Interlude
Evgeny Burlaka
A native of East Ukraine tells his story and asks how dialogue can help when even families are divided by conflict.
Evgeny Burlaka was part of a five-person delegation from Ukraine to the Nansen Center for Peace and Dialogue (NCPD) summer school in 2018. He was one of two participants to be from the Donetsk region (much of which is currently controlled by the separatist Donetsk People's Republic).

While at a party hosted by Steinar Bryn, Evgeny
expressed a desire to tell his story. We sat down for an interview during the final evening of the summer school.
You collect stories? I've got a story for you.

In 2013 I went to Cyprus to volunteer for a year – that was when the Euromaidan was beginning. The protests went on into 2014, when the revolution really started. I am from Donetsk region in East Ukraine, where the conflict is happening – I live in a small town near Slavyansk. You remember this town, yes? There was too much fighting there. My dad was involved in these things. He served in Afghanistan back in the Soviet Union – he had his own gun, an AK-47. He normally used it for hunting. He was also a businessman, and when you do business in Ukraine you sometimes need to keep a gun in your car.

Back when the protests started in our town the mayor asked my dad to help. He was known as a crazy guy from Afghanistan who knew how to act in a situation like this. There were people robbing the supermarket, targeting the big money trucks bringing cash for ATMs or for pensions. He helped clean the town up. This eventually led, when the fighting really started, to him ending up on the pro-Russian side.

My brother, though, served in the Ukrainian army. My family was, and still is, split.

There are three of us siblings: I have a younger sister, and my older brother the soldier. So you know, whole families are affected. Fighting on different sides. I tried to stay in Cyprus and found a job for another year, but in 2015 I couldn't renew my visa and had to come back to Ukraine. I'm not an EU citizen. It's difficult. So I returned to what was my old city.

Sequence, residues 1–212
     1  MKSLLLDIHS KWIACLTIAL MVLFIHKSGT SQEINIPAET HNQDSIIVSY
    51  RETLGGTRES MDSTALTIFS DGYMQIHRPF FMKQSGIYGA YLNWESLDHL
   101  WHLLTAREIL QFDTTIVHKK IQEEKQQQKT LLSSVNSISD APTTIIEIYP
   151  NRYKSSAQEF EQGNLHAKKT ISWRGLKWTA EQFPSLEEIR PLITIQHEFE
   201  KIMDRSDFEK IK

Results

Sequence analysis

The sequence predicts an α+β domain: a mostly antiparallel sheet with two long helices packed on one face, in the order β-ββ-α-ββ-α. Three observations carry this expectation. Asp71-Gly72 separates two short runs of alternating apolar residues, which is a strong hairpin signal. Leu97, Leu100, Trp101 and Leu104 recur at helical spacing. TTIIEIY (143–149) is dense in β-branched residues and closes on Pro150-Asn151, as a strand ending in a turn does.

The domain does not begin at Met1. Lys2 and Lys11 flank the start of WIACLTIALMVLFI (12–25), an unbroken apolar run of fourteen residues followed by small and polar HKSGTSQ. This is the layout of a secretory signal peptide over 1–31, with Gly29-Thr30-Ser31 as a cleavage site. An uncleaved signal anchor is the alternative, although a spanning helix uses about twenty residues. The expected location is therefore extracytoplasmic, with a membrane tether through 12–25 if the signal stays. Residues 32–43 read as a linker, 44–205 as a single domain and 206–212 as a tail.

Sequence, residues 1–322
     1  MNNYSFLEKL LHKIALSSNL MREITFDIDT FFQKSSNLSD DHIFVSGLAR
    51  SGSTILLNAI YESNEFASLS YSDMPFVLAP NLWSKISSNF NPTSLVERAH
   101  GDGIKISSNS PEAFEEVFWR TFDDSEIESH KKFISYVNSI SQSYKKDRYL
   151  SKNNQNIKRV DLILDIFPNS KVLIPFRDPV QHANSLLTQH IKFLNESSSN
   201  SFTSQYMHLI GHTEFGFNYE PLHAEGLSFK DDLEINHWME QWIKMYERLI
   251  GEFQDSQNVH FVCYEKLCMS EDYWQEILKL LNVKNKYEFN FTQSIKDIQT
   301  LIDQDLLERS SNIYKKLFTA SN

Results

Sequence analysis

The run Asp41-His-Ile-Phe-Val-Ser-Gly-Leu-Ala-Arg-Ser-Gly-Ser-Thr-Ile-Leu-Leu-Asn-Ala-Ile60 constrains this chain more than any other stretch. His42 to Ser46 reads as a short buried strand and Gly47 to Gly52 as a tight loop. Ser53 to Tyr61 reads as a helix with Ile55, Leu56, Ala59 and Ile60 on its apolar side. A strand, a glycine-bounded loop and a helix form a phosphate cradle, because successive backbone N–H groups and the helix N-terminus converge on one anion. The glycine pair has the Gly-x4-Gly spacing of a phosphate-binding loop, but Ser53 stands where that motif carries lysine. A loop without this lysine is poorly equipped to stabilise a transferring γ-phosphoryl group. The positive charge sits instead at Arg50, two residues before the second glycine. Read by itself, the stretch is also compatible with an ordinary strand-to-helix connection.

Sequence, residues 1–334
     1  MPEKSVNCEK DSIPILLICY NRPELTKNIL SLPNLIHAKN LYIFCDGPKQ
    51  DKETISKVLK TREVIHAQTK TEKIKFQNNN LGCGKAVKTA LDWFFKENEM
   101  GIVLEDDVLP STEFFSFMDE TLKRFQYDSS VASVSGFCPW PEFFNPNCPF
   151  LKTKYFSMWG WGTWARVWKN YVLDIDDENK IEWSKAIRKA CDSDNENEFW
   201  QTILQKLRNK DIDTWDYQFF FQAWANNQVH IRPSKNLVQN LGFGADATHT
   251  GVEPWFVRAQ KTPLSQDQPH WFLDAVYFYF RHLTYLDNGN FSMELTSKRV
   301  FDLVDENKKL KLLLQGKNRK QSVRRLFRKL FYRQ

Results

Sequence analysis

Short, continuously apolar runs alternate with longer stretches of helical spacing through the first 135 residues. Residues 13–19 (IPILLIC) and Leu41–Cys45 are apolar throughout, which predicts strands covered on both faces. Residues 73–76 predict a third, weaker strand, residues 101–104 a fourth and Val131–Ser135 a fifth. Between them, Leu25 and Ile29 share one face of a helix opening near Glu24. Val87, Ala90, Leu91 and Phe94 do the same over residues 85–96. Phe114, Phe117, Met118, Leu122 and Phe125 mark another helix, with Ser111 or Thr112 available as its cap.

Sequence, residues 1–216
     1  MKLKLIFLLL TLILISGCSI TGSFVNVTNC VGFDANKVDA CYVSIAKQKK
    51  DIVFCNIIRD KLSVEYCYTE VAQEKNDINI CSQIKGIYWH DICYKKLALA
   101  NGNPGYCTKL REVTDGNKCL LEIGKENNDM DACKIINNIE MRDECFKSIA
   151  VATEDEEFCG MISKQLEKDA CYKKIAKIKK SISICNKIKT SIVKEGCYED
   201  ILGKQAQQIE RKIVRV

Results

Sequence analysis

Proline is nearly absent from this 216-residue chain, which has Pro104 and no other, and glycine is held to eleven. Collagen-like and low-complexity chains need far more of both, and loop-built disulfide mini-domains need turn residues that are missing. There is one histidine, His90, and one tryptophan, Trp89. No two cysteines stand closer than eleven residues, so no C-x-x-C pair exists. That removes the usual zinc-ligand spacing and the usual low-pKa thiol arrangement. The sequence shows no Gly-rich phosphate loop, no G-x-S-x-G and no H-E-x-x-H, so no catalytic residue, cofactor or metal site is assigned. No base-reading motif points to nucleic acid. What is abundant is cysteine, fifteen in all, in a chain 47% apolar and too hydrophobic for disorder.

Location of Slavyansk in East Ukraine.
Note proximity to Donetsk and Luhansk, twin centers of separatist activity.
We were in business once, real estate, and the old properties were there when I came back. But my family was gone. My father had to flee to Russia and they call him a terrorist now. Neither he or my brother fight anymore, that was just from 2014-15. I couldn't do anything with the properties, though, or sell our cars because they could have been taken by the state at any second. Because my dad was under investigation. I had some money saved from Cyprus and I sent him all my savings because things were complicated where he was living then.

What can I say? He started by protecting money – public money. For pensioners, or teachers' and doctors' salaries. He could have taken it and run away to Russia but he didn't. He has no money now. When the Ukrainian army came he even said he could take them into our town but nothing happened because they didn't have the orders. Then, when they eventually rolled in, they took the town and the major started telling stories and my father had to run. He didn't kill anyone – I don't think so. I don't think my brother killed anyone either. I hope not. He just wanted to prove something to my dad.

So you see, when were asking each other questions and I said I had a split opinion, now you understand. You saw how I spoke, how I spoke about both sides. I see both sides, and this was important when I become a humanitarian worker. But that's another story, ha.

We talk here about being neutral and for me it's not just a skill: it comes from dealing with family. You could say it's natural now. I don't talk about this very much. I don't talk much at all, you see. It can be strange. I don't want to be misunderstood.

Back in business I didn't talk politics because everyone had their own point of view. And before the war we had everything: business, a sustainable way of life. And when I came back it wasn't like going home. I twas like going to a new country with nothing. Maybe like you, going to Russia? But I came back to my country with nothing. Only shame. I haven't seen my father or brother for four years. My brother for longer – I don't talk to him right now. War makes people sick. I'll see my dad in September.

There are people here at the summer school from all parts of Ukraine, and they all have their own opinions about what happens in the East. But I'm just here to listen. I don't want to argue with anyone.

We're talking about techniques to use, asking questions and listening. I want to use these techniques, but in my family first. That's where things start. We talked about speaking about what made us, and that was a difficult question to answer. What made me. I know that my father and brother, they made each other. I think that they both feel bad about it but they still won't communicate. They don't know how. Being able to say what made you is powerful, and I think that if I could mediate between them maybe they would talk again.

I didn't want to tell this story because maybe the others wouldn't understand. I've never told it to anyone before. But you're a collector, right?
Evgeny Burlaka participated in the NCPD summer school in June 2018.

Josh Nadeau is a freelance writer and dialogue facilitator. He participtated in the NCPD summer school in June 2018.